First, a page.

The presidential election of 1932 manifested a confrontation between the conservatives and liberals. The election emphasized the critical differences between Republicans and Democrats concerning the federal government’s role in the economy. The 1932 presidential election candidates were the Republican Herbert Hoover, who was defeated by the Democrat Franklin D. Roosevelt.


Prior to the presidential election, the United States was under the Great Depression for three years and required immediate improvements. Therefore, the 1932 election was a turning point for the Americans who voted for president in November with the majority of votes for Democrat Franklin Delano Roosevelt (FDR) over Republican Herbert Hoover.

As such, Roosevelt’s victory disclosed the time of federal expansion with his administration’s focus on assistance for the needy, economic recovery, and long-term reforms.

By the time of the election, the situation in the United States was critical since the American banks broke down, and unemployment reached its peak. Therefore, Americans were not able to afford rent and were obliged to move into slum areas, called Hoovervilles.

People gradually were becoming tired of Hoover’s non-interference in the economic policies and started searching for a better presidential candidate to improve the overall financial situation. Considering such a political environment, the 1932 election aimed at defining not only the political hopes for new leadership at the high point of the Depression but also the mood of the citizens.

Roosevelt’s approach implied the shape of the New Deal with the focus on the united work of Americans that could help the nation to overcome the economic crisis. It was a fundamentally opposite direction to Hoover’s paeans to American individualism in terms of the depression. FDR highlighted the expansive role of the federal government in reviving the economy, improving the suffering, and providing successful and rewarding lives for all the Americans.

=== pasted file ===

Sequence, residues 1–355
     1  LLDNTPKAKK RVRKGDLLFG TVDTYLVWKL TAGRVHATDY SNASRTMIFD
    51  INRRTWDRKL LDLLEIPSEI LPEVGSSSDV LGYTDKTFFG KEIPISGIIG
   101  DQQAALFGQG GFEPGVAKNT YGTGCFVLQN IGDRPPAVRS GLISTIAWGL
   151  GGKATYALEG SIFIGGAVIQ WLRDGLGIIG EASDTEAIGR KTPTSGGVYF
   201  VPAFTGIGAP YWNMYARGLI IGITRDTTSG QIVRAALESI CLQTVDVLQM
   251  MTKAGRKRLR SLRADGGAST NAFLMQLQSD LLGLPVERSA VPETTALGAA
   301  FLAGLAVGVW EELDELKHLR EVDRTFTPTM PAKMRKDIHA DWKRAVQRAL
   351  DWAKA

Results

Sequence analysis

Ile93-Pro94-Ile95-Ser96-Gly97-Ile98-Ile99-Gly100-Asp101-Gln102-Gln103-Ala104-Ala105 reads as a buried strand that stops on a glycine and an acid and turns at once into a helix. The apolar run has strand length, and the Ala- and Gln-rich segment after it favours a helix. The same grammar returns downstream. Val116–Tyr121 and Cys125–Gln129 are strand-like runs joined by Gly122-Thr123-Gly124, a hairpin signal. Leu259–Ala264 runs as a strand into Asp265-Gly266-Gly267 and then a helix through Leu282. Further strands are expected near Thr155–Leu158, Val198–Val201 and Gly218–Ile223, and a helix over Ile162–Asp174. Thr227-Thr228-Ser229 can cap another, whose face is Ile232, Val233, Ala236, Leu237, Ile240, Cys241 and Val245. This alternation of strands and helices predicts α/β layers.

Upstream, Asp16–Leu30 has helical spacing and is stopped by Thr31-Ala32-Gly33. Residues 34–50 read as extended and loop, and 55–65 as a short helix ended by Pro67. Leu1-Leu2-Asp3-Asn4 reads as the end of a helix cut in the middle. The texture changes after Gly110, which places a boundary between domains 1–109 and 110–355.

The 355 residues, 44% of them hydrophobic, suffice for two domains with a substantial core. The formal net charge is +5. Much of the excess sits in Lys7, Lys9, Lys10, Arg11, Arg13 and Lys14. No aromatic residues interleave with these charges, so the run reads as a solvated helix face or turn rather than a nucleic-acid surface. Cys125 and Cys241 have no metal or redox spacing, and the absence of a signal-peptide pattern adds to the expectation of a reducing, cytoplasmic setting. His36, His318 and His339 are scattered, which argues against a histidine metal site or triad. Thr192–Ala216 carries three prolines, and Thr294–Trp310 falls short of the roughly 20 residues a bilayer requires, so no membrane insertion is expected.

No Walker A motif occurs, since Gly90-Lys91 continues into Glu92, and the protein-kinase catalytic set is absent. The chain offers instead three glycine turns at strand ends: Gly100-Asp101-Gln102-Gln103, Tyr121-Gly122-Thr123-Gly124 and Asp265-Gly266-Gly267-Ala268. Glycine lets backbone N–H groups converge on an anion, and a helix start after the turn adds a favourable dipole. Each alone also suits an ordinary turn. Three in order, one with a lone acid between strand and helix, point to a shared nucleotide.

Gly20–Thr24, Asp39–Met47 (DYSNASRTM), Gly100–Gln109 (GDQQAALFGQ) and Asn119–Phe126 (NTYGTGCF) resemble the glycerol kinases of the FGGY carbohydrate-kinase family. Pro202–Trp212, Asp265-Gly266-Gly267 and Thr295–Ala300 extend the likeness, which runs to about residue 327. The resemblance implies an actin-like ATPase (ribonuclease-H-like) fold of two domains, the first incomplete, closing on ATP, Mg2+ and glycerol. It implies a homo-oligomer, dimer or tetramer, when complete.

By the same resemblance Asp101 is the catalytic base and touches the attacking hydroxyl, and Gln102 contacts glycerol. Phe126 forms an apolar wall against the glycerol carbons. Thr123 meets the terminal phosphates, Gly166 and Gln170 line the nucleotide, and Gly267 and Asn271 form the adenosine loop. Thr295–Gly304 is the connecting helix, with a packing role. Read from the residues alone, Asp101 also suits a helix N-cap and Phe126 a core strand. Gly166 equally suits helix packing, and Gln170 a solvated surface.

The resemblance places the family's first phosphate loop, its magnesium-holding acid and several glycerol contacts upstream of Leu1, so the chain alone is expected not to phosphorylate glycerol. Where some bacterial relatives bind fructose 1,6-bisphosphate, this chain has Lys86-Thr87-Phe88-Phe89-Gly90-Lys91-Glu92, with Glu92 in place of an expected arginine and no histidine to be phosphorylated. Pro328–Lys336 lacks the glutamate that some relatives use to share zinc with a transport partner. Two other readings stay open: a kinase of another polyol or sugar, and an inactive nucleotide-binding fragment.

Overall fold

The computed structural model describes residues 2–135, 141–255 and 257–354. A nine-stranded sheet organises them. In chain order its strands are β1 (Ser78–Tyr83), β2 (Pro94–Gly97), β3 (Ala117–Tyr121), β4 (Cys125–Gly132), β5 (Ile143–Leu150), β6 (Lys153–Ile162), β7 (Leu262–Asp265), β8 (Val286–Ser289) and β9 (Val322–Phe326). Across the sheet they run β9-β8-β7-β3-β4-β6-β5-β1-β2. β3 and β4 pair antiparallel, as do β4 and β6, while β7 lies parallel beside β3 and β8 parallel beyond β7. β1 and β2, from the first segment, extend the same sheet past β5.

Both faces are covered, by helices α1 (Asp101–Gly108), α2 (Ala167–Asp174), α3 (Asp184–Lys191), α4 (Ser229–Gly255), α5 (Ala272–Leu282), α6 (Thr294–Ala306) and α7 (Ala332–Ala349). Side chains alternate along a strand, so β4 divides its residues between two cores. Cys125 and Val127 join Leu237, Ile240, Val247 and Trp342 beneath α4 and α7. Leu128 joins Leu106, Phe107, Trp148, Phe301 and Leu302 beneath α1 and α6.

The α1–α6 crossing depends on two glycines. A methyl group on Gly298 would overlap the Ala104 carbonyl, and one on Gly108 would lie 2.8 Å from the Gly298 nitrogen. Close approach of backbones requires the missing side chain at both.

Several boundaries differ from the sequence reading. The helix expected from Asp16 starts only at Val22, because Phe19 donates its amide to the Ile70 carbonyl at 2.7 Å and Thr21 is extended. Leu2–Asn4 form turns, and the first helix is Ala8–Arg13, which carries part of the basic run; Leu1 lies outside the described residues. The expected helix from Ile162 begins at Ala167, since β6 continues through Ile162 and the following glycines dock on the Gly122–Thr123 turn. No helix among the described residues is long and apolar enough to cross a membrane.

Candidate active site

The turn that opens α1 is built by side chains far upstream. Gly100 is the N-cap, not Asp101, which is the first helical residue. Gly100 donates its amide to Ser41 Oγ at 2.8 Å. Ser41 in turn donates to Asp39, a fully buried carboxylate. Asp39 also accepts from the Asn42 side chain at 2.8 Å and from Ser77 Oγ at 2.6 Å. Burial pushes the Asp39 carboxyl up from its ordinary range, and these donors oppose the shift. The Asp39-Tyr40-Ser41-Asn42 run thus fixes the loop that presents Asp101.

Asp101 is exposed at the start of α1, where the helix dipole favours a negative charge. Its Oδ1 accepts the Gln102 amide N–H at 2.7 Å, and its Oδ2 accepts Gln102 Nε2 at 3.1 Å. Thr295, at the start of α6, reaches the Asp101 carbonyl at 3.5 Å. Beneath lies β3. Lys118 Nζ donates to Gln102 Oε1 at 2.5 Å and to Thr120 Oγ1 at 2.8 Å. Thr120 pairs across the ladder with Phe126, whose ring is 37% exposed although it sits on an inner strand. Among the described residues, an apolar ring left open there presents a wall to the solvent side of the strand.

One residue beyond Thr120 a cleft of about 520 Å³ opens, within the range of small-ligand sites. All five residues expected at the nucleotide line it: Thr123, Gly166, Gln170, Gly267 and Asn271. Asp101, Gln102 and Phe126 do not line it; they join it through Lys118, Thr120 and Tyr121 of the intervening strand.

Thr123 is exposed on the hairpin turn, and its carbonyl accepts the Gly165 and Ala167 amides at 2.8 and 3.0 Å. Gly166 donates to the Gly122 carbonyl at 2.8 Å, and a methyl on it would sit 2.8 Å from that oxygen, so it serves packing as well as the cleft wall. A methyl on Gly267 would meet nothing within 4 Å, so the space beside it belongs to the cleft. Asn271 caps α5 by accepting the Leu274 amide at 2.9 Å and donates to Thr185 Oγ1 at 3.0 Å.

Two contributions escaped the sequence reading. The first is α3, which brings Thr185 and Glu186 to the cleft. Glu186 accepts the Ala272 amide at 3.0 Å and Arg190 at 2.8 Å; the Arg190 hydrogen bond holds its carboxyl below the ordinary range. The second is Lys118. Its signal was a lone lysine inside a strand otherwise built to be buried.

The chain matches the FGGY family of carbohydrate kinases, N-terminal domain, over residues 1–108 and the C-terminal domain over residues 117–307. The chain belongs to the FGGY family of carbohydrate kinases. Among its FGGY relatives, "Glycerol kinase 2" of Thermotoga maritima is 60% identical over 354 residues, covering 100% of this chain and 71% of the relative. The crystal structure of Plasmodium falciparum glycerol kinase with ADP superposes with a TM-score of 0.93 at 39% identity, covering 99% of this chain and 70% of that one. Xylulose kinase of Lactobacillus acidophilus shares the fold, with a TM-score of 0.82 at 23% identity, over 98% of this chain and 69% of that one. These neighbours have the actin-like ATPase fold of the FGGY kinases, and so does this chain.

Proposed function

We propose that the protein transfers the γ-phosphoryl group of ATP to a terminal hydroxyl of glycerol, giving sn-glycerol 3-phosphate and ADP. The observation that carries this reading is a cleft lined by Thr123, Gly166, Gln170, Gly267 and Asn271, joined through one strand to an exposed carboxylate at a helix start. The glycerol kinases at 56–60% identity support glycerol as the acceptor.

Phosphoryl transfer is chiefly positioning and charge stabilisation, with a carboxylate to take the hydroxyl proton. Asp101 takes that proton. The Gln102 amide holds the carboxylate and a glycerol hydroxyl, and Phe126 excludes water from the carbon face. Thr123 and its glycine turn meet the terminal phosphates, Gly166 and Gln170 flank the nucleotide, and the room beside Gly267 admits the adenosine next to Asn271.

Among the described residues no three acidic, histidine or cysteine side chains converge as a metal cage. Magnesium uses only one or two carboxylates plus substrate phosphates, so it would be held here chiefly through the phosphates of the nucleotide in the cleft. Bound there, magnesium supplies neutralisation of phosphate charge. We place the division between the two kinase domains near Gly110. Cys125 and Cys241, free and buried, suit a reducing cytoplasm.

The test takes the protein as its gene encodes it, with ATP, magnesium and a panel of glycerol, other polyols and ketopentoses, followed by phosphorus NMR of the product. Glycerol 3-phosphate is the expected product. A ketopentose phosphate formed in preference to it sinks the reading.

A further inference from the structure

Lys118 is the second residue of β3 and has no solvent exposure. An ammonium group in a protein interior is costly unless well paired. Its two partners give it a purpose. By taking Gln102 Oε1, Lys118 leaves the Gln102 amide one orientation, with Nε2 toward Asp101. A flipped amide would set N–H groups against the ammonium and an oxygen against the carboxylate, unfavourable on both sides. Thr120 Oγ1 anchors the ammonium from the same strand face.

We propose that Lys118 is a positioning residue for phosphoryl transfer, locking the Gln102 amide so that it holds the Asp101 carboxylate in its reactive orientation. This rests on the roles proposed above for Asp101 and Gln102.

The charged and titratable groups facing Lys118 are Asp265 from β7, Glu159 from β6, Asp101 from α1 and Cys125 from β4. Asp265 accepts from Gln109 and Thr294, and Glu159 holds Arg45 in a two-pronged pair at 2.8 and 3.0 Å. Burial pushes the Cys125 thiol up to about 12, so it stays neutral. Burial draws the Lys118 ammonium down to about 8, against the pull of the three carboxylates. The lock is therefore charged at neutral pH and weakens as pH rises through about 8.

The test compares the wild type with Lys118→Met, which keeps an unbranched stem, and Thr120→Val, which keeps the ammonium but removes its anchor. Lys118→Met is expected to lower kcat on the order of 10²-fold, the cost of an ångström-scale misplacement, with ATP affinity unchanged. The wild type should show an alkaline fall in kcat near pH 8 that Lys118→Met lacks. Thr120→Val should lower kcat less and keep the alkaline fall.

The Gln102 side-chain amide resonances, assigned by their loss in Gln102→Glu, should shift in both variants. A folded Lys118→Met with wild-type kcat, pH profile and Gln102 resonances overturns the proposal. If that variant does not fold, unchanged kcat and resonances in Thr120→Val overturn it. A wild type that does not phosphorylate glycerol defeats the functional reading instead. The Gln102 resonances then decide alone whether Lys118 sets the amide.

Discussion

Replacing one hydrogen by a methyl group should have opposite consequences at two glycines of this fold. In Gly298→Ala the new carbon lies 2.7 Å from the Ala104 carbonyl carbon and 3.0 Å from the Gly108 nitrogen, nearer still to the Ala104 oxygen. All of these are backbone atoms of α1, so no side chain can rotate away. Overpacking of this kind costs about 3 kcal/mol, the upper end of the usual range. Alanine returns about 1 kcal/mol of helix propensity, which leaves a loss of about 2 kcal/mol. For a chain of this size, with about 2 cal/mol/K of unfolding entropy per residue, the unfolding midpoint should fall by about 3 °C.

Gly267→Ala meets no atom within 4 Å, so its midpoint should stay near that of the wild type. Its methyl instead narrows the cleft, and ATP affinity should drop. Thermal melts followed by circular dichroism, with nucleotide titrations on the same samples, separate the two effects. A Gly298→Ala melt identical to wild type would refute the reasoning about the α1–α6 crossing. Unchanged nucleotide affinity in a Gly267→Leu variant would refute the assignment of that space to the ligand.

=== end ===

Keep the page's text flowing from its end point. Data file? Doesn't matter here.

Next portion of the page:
The 1932 election was the first presidential election during the Great Depression that embodied a dramatic change in the political alignment of the country. In his final campaign speech, Hoover sought to show that the Americans had a clear choice in this election. As he stated, it was a contest between two philosophies of government.

Roosevelt, on the other hand, emphasized on the distress of the unemployed and mentioned that the Administration would try to undermine reason through fear. Besides the distinction in the opponents’ policies, the two candidates presented a sharp contrast in personal demeanor as well.

The 1932 presidential election results were as follows: Roosevelt received nearly 23 million votes (57.3 percent), and Hoover received almost 16 million votes (39.6 percent); the popular vote was 472 to 59. As such, the Americans elected considerable Democratic majorities to both houses of Congress.

The highlights of the 1932 presidential election in America include the following fact that within four months after the election and until Roosevelt’s inauguration, Hoover strived to Roosevelt’s cooperation in the suppression of the enhanced economic crisis. However, they both were not capable of finding common points of agreement, and, therefore, the economy continued to decline.

By the date of the inauguration on March 4, 1933, many banks were shut down, and industrial output fell to just 56 percent of its 1929 level. Furthermore, almost 13 million wage earners were unemployed, and farmers were in misery.

Roosevelt’s inaugural speech concerned the promised practical and decisive actions, as he conveyed his self-confidence to millions of Americans who were listening on radios across the country. To conclude with the president’s words, “This great nation will endure as it has endured, will revive and prosper, the only thing we have to fear is fear itself.”